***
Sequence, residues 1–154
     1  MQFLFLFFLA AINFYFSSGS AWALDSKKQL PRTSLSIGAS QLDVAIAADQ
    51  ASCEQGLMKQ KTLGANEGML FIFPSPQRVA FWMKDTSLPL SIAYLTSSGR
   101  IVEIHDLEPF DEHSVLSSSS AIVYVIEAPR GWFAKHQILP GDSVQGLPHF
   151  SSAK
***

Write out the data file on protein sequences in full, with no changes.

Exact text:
Sequence, residues 1–154
     1  MQFLFLFFLA AINFYFSSGS AWALDSKKQL PRTSLSIGAS QLDVAIAADQ
    51  ASCEQGLMKQ KTLGANEGML FIFPSPQRVA FWMKDTSLPL SIAYLTSSGR
   101  IVEIHDLEPF DEHSVLSSSS AIVYVIEAPR GWFAKHQILP GDSVQGLPHF
   151  SSAK